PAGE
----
The clash between the international economy and the political institutions that ostensibly govern it also weakens the sense of common purpose necessary for world order. The economic system has become global, while the political structure of the world remains based on the nation-state. Economic globalization, in its essence, ignores national frontiers. Foreign policy affirms them, even as it seeks to reconcile conflicting national aims or ideals of world order.

This dynamic has produced decades of sustained economic growth punctuated by periodic financial crises of seemingly escalating intensity: in Latin America in the 1980s; in Asia in 1997; in Russia in 1998; in the U.S. in 2001 and again starting in 2007; in Europe after 2010. The winners have few reservations about the system. But the losers—such as those stuck in structural misdesigns, as has been the case with the European Union's southern tier—seek their remedies by solutions that negate, or at least obstruct, the functioning of the global economic system.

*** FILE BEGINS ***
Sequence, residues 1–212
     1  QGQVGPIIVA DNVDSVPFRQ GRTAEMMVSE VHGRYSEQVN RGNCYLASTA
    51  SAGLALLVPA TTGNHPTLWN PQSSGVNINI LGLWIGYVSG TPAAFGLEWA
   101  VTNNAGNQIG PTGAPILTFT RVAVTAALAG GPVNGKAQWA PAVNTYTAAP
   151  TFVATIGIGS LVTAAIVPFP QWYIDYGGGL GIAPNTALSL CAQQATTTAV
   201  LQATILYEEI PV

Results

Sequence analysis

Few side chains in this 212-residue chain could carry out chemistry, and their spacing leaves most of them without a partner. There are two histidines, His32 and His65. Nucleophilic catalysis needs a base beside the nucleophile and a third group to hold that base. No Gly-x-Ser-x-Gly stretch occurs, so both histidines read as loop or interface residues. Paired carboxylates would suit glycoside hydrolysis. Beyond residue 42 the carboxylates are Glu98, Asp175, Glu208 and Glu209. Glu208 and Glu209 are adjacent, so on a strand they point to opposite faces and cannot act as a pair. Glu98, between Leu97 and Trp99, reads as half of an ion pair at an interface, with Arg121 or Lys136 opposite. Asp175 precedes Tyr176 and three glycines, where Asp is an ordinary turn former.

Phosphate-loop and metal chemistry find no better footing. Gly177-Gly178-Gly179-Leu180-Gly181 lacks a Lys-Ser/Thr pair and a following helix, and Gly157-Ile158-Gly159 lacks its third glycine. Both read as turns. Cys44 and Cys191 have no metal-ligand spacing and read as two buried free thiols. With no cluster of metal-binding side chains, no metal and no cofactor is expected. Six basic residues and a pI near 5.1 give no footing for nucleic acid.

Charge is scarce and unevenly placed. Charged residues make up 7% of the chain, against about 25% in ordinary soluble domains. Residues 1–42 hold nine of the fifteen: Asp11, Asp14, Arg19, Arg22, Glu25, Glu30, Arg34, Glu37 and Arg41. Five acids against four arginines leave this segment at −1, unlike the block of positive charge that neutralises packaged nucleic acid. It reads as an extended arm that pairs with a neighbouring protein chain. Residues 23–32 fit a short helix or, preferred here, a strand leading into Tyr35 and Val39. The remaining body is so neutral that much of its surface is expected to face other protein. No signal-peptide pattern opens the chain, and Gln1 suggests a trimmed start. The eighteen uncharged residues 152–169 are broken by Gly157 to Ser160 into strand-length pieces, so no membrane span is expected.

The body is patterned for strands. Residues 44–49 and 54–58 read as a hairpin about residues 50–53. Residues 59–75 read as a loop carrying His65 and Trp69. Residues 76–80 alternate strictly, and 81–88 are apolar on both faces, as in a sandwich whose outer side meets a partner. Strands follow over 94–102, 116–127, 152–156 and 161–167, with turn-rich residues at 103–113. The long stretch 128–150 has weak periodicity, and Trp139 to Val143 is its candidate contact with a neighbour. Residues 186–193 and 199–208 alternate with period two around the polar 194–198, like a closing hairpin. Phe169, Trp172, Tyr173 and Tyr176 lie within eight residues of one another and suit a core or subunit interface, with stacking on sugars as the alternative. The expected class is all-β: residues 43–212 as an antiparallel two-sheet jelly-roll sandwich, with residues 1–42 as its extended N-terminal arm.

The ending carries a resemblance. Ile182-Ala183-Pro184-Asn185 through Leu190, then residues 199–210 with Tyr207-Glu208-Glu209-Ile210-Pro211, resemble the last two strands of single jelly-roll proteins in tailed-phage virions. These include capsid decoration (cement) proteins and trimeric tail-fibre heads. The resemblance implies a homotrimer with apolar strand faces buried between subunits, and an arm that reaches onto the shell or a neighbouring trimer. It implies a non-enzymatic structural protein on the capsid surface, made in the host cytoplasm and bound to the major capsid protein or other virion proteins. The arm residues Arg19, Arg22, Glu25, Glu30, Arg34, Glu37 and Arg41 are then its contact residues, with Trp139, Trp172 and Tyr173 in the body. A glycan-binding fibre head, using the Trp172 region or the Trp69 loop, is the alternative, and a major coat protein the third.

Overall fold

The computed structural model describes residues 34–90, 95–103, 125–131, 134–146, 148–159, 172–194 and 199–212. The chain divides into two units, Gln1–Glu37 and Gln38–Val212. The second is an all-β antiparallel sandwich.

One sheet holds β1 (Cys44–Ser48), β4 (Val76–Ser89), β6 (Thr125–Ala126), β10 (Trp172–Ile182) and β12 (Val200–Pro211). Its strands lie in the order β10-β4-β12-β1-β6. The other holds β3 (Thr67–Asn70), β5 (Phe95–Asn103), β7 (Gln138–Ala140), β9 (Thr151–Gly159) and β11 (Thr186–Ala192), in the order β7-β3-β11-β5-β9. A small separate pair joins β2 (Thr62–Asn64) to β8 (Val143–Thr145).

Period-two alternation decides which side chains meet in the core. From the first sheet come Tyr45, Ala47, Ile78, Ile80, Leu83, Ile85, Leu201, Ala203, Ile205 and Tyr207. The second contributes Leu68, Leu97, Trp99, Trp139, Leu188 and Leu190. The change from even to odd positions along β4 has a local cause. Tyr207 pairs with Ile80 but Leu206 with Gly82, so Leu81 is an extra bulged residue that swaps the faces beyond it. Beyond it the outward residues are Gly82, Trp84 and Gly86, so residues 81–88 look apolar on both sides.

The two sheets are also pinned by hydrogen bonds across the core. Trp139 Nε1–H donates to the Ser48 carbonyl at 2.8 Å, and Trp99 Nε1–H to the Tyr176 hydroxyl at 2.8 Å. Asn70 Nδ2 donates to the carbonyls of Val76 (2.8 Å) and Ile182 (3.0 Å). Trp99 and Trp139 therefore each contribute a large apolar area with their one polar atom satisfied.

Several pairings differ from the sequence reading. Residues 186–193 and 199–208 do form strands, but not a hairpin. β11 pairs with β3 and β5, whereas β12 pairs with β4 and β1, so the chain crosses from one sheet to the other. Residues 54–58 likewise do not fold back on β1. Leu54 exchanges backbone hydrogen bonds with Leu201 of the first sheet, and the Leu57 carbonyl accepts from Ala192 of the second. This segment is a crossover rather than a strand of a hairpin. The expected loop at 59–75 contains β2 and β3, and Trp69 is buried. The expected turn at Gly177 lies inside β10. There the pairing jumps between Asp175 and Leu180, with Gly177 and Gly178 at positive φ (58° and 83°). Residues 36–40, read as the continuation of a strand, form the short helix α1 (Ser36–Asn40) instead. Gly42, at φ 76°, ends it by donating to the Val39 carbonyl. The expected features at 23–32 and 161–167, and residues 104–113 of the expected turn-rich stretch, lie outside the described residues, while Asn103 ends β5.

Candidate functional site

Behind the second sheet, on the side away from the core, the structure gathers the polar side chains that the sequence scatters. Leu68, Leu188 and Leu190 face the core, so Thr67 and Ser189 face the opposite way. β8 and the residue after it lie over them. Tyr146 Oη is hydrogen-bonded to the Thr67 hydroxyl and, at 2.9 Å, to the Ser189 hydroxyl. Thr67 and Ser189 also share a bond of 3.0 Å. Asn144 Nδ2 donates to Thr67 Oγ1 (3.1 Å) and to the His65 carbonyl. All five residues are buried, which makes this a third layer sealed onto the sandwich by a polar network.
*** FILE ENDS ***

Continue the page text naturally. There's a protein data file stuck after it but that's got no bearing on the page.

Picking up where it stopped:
The international order thus faces a paradox: Its prosperity is dependent on the success of globalization, but the process produces a political reaction that often works counter to its aspirations.

A third failing of the current world order, such as it exists, is the absence of an effective mechanism for the great powers to consult and possibly cooperate on the most consequential issues. This may seem an odd criticism in light of the many multilateral forums that exist—more by far than at any other time in history. Yet the nature and frequency of these meetings work against the elaboration of long-range strategy. This process permits little beyond, at best, a discussion of pending tactical issues and, at worst, a new form of summitry as "social media" event. A contemporary structure of international rules and norms, if it is to prove relevant, cannot merely be affirmed by joint declarations; it must be fostered as a matter of common conviction.